The American: His New Puritanism

H. L. Mencken

The Smart Set/February, 1914

NOT, of course, that the Puritan spirit of 1620 has ever gone into actual eclipse in These States, or suffered more than a temporary damping. Far from it, indeed! Make the most cursory review of American history that you will, and you must surely be impressed by the persistence of the Puritan outlook upon the world, the Puritan conviction of the pervasiveness of sin, the Puritan lust to make a sinner sweat and yell. If there is one mental vice, indeed, which sets off the American people from all other folks who walk the earth, not excepting the devil-fearing Scotch, it is that of assuming that every human act must be either right or wrong, and that ninety-nine percent of them are wrong. This is the one great American contribution to the science of ethics, and the cornerstone of the American philosophy.

There has never been a large political or social question before the American people which did not quickly resolve itself into a moral question. Even so dull a row as that over the currency produced its vast crop of saints and succubi, of Iokanaans and Pontius Pilates, of crimes, heathenries and crowns of thorns. Nor has there ever been any letting up of that spiritual eagerness which lay at the bottom of the original Puritan’s moral obsession: the American has remained, from the very beginning, a man genuinely interested in the eternal riddles. The frank theocracy of the New England beach had scarcely succumbed to the libertarianism of a licentious Crown before there came the Great Awakening of 1734, with its orgies of homiletics and its chase of sinners. The Revolution, of course, brought another setback. But the moment the young Republic got out of the nursery and could protect itself from foes abroad, its citizens resumed the glad business of dragging one another up to grace, and the Asbury revival made that of Whitefield, Wesley and Jonathan Edwards seem a mild and puerile thing.

Thereafter, down to the outbreak of the Civil War, the whole populace joined in pulling the devil’s tail. On the one hand, this great campaign took a purely theological form, with a hundred new and outlandish cults as its fruits; on the other hand, it crystallized into the hysterical temperance movement of the thirties and forties, with its Good Templars on horseback and its drunkards in cages; and on the third hand, as it were, it established a prudery in thought and speech from which we are still but half delivered. Such ancient and innocent words as “wench” and “bastard” disappeared from the American language; we are told by Bartlett, indeed, that even “bull” was softened to “male cow.” The word “woman” became a term of opprobrium, verging close upon downright libel; legs became the inimitable “limbs”; the “stomach” began to run from the “bosom” to the pelvic arch; pantaloons faded into “unmentionables”; the newspapers spun their parts of speech into such gossamer webs as “a statutory offense,” “an interesting condition” and “a house of questionable repute.” And meanwhile evangelists of all sorts swarmed in the land like a plague of locusts, and the lyceum and the camp meeting, father and mother to the chautauqua of a later day, were born. State after state went “dry”; legislature after legislature stepped up to sign the pledge. Even the national House of Representatives was penetrated by this primeval uplift, and on more than one occasion it offered its rostrum to some eminent flayer of the Rum Demon, and spread his excoriations upon its minutes.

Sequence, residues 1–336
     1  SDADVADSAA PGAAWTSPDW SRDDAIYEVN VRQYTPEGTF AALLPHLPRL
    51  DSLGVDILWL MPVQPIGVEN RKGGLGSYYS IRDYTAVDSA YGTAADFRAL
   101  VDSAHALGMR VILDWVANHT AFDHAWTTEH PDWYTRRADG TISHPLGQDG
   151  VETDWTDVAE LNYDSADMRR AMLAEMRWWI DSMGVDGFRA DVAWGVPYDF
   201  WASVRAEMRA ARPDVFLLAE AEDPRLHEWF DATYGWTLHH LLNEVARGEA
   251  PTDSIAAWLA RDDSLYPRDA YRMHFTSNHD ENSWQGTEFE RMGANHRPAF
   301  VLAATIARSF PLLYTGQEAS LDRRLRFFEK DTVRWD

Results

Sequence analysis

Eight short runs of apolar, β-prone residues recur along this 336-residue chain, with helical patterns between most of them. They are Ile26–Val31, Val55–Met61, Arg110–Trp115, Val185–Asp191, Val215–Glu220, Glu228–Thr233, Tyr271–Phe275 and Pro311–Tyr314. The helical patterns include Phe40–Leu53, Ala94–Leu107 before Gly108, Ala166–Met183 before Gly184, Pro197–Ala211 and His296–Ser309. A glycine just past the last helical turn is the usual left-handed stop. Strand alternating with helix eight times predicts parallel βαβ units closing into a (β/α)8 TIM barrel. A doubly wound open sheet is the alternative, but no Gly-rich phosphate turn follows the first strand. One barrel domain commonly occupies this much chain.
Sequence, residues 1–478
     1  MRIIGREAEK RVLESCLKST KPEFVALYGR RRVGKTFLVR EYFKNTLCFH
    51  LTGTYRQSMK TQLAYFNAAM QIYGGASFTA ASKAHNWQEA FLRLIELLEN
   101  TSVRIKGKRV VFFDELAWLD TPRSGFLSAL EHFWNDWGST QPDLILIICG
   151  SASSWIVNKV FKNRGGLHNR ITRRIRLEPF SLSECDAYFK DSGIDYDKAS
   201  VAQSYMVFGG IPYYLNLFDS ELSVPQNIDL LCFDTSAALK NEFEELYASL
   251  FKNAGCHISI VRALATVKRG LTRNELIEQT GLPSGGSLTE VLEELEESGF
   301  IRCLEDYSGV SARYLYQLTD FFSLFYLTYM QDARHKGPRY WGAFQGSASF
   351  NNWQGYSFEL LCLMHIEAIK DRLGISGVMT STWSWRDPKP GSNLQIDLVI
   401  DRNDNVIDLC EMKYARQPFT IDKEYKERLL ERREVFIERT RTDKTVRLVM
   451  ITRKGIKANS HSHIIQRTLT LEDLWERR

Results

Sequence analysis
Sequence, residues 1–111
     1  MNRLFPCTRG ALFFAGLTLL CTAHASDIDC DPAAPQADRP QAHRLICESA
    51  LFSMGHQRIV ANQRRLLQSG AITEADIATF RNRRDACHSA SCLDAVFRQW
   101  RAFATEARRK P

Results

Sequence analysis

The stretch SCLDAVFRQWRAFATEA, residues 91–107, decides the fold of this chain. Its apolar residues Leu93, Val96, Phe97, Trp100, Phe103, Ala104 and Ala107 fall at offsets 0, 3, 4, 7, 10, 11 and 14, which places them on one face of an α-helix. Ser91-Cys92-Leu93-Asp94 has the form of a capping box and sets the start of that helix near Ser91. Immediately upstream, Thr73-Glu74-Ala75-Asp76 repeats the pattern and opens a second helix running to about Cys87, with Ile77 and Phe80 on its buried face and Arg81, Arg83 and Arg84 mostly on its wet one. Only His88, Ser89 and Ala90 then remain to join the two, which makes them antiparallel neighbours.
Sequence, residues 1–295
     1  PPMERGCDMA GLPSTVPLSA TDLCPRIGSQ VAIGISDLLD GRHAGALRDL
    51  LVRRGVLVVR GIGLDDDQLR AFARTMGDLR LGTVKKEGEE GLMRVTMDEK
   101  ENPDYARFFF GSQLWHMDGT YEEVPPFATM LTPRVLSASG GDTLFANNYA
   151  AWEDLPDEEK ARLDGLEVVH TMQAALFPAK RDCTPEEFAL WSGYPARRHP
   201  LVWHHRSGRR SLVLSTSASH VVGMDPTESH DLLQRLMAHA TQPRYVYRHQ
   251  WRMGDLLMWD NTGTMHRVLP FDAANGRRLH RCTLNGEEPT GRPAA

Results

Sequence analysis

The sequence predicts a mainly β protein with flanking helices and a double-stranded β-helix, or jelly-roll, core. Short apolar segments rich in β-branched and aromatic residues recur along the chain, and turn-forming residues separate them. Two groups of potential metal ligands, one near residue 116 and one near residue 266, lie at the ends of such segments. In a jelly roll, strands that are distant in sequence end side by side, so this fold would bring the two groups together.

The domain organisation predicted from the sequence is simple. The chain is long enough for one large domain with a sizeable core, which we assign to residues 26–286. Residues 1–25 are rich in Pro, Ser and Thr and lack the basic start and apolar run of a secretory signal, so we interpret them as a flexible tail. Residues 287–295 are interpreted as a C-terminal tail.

Beneath all this gay bubbling on the surface, of course, ran the deep and swift current of anti-slavery feeling — a tide of passion which historians now attempt to account for on economic grounds, but which showed no trace of economic origin while it lasted. Its true quality was moral, devout, ecstatic; it culminated, to change the figure, in a supreme discharge of moral electricity, almost fatal to the nation. The crack of that great spark emptied the jar: the American people forgot all their pledges and their pruderies during the four years of the Civil War. The Good Templars, indeed, were seldom heard of again, and with them into memory went many other singular virtuosi of virtue — for example, the Millerites. But this truce with the devil was for the moment only: it was no more than the adjournment of the patent medicine show while the circus parade went by. The instant the smoke of the battlefields cleared away, the Puritans returned to their old sport of shaking up the erring, and by the middle of the seventies they were at it in full fuming and fury. The high points of that holy war halt the backward-looking eye: the Moody and Sankey uproar; the recrudescence of the temperance agitation and its culmination in prohibition; the rise of the Young Men’s Christian Association, the Sunday school and the Christian Endeavor movement; the triumphal entry of the Salvation Army, regardless of all the warnings of Thomas Henry Huxley; the dim beginnings of the vice crusade; the injection of moral concepts and rages into party politics (the “crime” of 1873!); the loud preaching of baroque Utopias (Populism, Bellamyism, “If Christ Came to Chicago,” Bryanism); the invention of muckraking and trust busting; the mad, glad war of extermination upon the Mormons, the anarchists, the Spaniards; the hysteria over the Breckinridge-Pollard case; the enormous multiplication of moral and religious associations, each with its sure cure for all the sorrows of the world; the spread of zoophilia, the dawn of the uplift, and last but far from least, Comstockery.